The evaluation resulted in the university choosing to deploy a virtualised infrastructure based on Windows Server 2008 R2 Datacenter and Hyper-V. “There was no question that it was the best total infrastructure solution for Coventry University,” says Steve Booth, head of Computing Service at Coventry University. “Not only is the licensing cost-effective, but we can also use Microsoft System Center tools to manage the infrastructure efficiently from one location.”
The licensing structure for Hyper-V meant that Coventry University bought just one license for the host machine, but is entitled to run as many virtual machines as it needs. This is included as part of Windows Server 2008 R2 Datacenter and provided the team with dozens of tools to manage infrastructure, including those needed for live migration and clustering, from a graphical user interface.
"Although we were initially a bit skeptical about Hyper-V, we played around with it to get the best configuration for our needs. We started to think it was a good fit for us in terms of features and a more cost-effective solution for our environment than VMware," said Booth. Coventry University configured each host operating system with 32 gigabytes of random access memory and four processors, to ensure it met its stringent requirements for memory and performance.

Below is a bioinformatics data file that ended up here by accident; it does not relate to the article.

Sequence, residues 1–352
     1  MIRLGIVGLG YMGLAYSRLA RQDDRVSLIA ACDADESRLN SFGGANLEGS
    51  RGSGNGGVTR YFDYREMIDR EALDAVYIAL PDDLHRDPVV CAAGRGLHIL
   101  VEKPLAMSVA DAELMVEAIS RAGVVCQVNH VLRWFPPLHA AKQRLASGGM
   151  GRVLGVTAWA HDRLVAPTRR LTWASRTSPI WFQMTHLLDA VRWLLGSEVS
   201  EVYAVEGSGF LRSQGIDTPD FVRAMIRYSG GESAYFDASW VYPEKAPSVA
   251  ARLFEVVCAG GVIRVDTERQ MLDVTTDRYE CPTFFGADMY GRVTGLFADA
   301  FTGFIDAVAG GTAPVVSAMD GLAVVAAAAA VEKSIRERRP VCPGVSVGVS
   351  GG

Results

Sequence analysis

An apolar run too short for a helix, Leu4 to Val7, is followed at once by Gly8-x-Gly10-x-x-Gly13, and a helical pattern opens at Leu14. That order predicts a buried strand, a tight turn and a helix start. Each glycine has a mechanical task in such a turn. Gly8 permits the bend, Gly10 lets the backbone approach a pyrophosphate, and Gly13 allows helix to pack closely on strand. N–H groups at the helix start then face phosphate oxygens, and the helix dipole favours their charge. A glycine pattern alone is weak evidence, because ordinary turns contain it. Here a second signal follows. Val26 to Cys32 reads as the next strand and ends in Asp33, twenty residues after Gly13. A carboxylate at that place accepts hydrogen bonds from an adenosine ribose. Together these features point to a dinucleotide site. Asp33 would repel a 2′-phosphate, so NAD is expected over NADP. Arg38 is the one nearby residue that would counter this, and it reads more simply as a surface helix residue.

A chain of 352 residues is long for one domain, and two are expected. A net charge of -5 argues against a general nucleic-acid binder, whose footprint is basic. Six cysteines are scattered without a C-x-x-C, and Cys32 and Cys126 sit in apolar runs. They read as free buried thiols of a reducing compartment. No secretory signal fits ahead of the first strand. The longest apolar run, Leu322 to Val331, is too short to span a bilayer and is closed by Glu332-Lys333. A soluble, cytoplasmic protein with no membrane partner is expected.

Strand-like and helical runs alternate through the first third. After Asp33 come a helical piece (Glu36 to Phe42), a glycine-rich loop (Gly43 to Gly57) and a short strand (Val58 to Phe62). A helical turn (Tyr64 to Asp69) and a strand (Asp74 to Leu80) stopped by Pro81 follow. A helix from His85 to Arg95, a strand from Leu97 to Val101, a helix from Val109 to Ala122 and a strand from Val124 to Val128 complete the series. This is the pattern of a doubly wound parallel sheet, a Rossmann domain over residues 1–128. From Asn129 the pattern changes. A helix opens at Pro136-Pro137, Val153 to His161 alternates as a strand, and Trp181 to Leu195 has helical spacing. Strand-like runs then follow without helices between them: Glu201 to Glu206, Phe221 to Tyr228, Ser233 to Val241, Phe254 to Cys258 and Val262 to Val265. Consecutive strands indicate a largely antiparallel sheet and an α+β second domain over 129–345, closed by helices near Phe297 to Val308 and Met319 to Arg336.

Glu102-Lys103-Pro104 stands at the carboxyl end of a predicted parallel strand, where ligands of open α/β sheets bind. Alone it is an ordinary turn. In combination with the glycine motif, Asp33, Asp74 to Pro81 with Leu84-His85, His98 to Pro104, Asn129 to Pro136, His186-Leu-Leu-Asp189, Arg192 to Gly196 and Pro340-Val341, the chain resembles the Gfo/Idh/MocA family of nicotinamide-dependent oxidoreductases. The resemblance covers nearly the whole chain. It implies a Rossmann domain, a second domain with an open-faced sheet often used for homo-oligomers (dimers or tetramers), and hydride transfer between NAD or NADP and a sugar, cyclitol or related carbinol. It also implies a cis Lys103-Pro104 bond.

As part of the plan, the university used Microsoft System Center 2012 - Operations Manager and Virtual Machine Manager to ensure that applications kept on working in the same way they did prior to moving to the cloud.
For example, Operations Manager detects failures automatically and re-configures server failover so that users don’t experience downtime. With Virtual Machine Manager, the IT team can manage and configure all machines onto the virtual network.
"Virtual Machine Manager manages more than 280 of our servers. That’s around 85 per cent of our server infrastructure,” said Booth. “Applications managed in the new environment include business-critical services such as human resources, Exchange Server, and payroll. Rather than having one of our team managing servers physically, we can do this from a central console.
The university also wanted to centralise IT to support efficient management. It’s now achieved this with a virtualised server infrastructure based on Windows Server 2008 R2 Datacenter. This has helped staff manage all IT services from one place. The team avoids downtime through automated, proactive monitoring in Microsoft System Center and its ability to configure thresholds to meet university network demands.